A condition resulting from excess accumulation of cerebrospinal fluid within the ventricles of the brain.

Neuroepithelial cells

The stem cells of the nervous system, these cells initially undergo symmetric division early in development to expand the progenitor cell pool, and subsequently give rise to more lineage-restricted cells at the start of neurogenesis, including radial glial and choroid plexus epithelial cells.

Rhombic lip

A transient structure located at the interface between the roof plate and dorsal neuroepithelium, which functions as a germinal epithelium and a source of diffusible signals.

Cortical hem

A signalling centre located bilaterally near the telencephalic midline, which functions as a source of WNTs and bone morphogenetic proteins for cerebral cortical, hippocampal and choroid plexus development, as well as a source of Cajal–Retzius cells.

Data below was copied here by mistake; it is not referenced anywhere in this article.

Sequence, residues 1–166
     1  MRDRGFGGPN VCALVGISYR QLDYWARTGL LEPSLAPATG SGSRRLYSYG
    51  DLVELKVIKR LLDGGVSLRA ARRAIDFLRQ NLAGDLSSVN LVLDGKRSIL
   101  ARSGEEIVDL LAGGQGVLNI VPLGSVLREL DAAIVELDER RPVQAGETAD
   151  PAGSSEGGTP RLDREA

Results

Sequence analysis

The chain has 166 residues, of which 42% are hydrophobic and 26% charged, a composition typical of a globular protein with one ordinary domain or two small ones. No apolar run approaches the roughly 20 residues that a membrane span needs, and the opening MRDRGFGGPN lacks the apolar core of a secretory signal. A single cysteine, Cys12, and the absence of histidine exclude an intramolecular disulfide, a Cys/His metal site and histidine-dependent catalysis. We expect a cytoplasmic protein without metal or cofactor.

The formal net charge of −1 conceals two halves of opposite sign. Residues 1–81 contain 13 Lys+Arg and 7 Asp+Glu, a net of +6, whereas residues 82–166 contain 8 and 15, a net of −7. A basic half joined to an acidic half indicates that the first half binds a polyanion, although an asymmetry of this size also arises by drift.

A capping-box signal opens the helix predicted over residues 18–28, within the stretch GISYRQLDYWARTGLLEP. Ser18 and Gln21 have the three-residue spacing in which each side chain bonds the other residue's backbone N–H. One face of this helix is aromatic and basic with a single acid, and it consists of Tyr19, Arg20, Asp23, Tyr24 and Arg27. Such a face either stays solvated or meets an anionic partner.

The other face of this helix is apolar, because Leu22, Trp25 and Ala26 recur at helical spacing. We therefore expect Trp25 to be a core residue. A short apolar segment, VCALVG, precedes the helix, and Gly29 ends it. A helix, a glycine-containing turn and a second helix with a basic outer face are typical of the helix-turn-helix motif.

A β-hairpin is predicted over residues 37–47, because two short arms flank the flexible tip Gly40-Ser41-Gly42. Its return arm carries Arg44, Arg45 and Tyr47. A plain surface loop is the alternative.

Prosomeres

Segments of the anterior neural tube early in embryonic development that give rise to forebrain structures.

Rhombomeres

Transient, regularly spaced repeating units of hindbrain cells in the developing embryo that will ultimately give rise to the rhombencephalon.

Trisomy 18

A genetic condition in which cells contain three copies of chromosome 18 rather than the normal two. It is also known as Edwards syndrome.

Aicardi syndrome

A developmental disorder that is characterized by infantile spasms and defects of the corpus callosum and eyes (chorioretinopathy); see Online Mendelian Inheritance in Man 304050.

Bromodeoxyuridine

(BrdU). A synthetic thymidine analogue that can be incorporated into replicating DNA.

Choroid plaque

The non-papillary tissue at the immediate dorsal midline that separates the two choroid plexi of the lateral ventricles.

Fenestrated capillaries

Openings in the endothelium are bridged by thin diaphragms permeable to water and small molecules.

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Lun, M., Monuki, E. & Lehtinen, M. Development and functions of the choroid plexus–cerebrospinal fluid system. Nat Rev Neurosci 16, 445–457 (2015). https://doi.org/10.1038/nrn3921